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Thread: Men wearing dresses

  1. Top | #91
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    Long hair, airings, pierced noses and tongues. Men have came far. What is the big deal with dresses? Women wear pants and dresses, in the interest of social balance and fatness men should also wear both pants and dresses. Then of course men would be shaving their legs.

    Is there a sarcasm emoji?

  2. Top | #92
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    Quote Originally Posted by Rhea View Post
    Quote Originally Posted by Ruth Harris View Post
    In my opinion, this is a conversation that should include everyone as it will impact all of us. Do you think that only those who are non binary should have input on this?

    Ruth
    I seem to recall that you are male, and use the user name Ruth. Am I mistaken in this?
    You are recalling incorrectly. I am female. I have made no secret of that but rarely point out my gender in conversations unless it is pertinent to the subject (like in this post).

    I have been mistakenly called a male before, and typically I just find it amusing. Sometimes I will correct them if it seems important to the conversation and sometimes I just let it pass if it doesn’t matter. In this case, I answered because you asked a direct question of me about it.

    Ruth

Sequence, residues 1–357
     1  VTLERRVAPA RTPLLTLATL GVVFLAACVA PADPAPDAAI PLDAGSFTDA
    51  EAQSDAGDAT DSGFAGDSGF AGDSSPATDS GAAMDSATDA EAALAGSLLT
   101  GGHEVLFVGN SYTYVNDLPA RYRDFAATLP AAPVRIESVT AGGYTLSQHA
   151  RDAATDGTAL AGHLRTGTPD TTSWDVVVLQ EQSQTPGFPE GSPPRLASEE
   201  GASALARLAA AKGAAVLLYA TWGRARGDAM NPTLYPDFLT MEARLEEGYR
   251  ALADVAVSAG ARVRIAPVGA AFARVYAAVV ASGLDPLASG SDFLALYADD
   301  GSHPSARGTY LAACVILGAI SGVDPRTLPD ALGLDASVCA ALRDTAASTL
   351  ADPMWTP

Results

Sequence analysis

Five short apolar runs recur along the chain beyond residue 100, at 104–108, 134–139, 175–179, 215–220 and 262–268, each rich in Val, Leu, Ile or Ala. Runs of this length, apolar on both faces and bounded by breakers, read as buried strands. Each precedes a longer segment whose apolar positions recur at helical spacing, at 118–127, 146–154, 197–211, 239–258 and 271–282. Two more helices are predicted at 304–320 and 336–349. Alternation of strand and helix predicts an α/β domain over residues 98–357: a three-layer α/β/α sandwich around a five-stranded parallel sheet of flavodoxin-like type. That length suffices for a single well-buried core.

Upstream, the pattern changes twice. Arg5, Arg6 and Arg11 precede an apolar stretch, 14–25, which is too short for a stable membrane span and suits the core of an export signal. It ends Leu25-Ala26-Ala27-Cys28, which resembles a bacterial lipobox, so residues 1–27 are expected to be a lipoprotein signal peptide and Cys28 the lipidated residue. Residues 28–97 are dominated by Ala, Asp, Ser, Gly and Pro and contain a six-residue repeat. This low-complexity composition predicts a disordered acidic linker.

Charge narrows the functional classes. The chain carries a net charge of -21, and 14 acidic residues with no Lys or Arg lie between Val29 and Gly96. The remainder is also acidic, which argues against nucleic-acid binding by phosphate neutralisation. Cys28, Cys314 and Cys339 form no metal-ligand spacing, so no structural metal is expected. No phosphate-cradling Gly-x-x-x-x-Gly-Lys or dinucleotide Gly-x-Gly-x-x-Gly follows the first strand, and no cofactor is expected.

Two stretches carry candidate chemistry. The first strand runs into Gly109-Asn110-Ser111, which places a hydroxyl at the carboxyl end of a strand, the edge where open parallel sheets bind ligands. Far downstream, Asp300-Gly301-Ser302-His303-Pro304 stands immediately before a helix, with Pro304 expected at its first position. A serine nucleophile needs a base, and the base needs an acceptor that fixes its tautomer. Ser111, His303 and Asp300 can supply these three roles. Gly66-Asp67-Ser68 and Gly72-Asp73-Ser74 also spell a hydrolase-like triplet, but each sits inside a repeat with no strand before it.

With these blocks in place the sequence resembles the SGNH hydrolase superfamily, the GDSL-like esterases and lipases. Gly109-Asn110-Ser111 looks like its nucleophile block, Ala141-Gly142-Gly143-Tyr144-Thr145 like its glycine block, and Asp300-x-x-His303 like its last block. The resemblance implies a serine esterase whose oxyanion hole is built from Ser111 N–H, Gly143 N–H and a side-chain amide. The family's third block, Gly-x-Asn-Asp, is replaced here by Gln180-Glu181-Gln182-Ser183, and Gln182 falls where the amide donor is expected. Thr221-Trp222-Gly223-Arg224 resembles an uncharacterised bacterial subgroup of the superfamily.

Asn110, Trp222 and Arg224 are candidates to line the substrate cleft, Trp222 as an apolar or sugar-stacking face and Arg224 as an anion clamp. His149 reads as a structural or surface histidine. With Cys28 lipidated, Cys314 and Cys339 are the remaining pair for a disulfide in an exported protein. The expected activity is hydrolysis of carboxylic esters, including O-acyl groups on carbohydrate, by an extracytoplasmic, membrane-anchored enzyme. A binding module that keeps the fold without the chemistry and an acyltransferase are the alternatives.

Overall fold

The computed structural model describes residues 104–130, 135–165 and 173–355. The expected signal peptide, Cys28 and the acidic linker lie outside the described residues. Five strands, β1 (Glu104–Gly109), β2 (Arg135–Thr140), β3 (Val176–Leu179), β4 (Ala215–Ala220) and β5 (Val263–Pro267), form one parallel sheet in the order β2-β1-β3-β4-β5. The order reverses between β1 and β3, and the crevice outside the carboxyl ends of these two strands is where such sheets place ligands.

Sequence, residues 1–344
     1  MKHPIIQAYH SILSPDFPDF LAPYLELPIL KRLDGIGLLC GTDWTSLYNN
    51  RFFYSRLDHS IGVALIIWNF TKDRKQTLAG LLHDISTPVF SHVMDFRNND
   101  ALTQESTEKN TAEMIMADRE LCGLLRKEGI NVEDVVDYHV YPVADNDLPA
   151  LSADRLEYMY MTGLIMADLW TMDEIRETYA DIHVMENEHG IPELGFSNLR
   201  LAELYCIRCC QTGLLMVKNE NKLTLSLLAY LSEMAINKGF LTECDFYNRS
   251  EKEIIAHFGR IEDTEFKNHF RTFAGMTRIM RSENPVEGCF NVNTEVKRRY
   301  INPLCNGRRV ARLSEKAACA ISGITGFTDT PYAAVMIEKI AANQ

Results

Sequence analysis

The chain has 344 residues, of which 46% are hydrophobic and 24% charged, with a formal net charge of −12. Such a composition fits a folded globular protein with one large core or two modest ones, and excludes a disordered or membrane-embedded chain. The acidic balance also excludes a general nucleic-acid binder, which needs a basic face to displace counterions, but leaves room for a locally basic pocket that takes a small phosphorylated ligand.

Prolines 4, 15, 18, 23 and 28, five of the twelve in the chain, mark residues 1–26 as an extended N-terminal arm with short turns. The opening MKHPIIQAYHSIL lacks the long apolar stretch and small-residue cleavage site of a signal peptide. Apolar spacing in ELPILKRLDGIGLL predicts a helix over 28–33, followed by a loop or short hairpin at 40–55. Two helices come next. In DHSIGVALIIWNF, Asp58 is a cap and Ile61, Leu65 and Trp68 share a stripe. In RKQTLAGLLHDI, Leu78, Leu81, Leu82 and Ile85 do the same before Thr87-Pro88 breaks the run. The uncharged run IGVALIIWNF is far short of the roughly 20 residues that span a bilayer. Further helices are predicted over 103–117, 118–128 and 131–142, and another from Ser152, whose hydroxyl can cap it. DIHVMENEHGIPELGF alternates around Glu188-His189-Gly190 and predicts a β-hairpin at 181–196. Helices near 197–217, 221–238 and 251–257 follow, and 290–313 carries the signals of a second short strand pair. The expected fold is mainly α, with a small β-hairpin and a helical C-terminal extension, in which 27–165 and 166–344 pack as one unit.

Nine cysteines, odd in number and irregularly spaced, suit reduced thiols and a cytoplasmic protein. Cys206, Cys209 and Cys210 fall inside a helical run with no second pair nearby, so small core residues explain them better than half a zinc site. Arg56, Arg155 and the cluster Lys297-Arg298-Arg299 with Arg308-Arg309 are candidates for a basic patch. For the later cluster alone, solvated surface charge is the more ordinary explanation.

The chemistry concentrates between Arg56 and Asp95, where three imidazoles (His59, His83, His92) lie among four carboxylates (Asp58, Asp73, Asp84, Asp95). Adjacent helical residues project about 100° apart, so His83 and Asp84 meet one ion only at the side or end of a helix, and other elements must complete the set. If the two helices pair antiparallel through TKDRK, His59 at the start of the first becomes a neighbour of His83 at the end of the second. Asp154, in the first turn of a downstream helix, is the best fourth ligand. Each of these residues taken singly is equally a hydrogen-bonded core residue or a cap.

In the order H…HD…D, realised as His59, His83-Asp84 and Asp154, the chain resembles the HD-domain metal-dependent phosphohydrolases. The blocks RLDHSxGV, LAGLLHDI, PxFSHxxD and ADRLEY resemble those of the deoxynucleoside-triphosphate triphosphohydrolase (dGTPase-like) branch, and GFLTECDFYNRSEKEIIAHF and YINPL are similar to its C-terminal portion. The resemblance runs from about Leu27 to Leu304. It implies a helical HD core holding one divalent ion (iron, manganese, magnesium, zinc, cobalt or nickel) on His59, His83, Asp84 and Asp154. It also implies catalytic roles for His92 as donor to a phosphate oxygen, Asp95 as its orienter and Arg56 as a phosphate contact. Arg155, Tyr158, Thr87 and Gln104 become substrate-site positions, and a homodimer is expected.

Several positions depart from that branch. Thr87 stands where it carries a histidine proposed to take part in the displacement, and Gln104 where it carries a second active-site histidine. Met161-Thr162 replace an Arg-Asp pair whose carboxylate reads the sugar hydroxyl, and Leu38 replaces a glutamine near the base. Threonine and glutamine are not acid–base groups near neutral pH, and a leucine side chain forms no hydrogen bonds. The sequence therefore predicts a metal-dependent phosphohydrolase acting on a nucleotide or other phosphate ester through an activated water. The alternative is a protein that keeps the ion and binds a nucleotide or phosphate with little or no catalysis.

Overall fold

3. Top | #93
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    Quote Originally Posted by Angry Floof View Post
    Quote Originally Posted by Ruth Harris View Post
    I see no point in replying to your responses, as it is obvious to me that we will never agree. That is fine; I did not expect complete agreement from anyone. I will say, however, that you don’t know me and your opinion of what causes me true emotional pain is just that – your opinion.

    But THIS statement gives me pause:
    Quote Originally Posted by Angry Floof View Post
    As for finding a solution that works, you do not have the background or experience to contribute meaningfully to that conversation, and chances are good that you don't want to.
    I am seriously curious. Why do you flatly state that I cannot or do not want to contribute meaningfully to the conversation? In my opinion, this is a conversation that should include everyone as it will impact all of us. Do you think that only those who are non binary should have input on this?

    Ruth
    I suggest you take a deep look at that question yourself, especially the part about "include everyone," for several reasons but mostly because it does not impact most of us at all, unless you think hearing voices you're not used to hearing saying things you don't like or even suggesting you use "they" in the singular as you already know how to do equates to anything like impacting your life.

    I think the opinions of non binary people are the most important to the conversation, which has been my whole point from the beginning though a lot of sub points inevitably come out of that when you're talking to people who have no interest in those non binary people's opinions beyond the most fleeting and superficial glance while asserting their own.